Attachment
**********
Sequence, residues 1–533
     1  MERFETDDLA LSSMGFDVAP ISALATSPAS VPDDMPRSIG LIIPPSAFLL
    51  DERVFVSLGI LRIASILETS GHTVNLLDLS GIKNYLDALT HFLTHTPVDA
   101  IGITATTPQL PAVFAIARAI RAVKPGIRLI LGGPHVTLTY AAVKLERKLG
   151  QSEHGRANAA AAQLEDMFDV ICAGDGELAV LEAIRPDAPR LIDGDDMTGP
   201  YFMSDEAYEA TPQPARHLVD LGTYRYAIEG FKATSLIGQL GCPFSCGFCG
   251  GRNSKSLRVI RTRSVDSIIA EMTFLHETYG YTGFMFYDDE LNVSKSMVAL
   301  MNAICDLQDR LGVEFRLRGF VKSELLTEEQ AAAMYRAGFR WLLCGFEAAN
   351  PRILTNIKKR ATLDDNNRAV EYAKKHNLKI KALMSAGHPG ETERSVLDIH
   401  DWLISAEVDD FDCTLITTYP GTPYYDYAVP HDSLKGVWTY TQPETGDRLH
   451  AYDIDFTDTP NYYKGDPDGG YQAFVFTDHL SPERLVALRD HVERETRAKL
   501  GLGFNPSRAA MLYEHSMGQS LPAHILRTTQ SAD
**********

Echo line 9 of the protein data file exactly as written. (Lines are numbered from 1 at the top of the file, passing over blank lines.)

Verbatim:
   351  PRILTNIKKR ATLDDNNRAV EYAKKHNLKI KALMSAGHPG ETERSVLDIH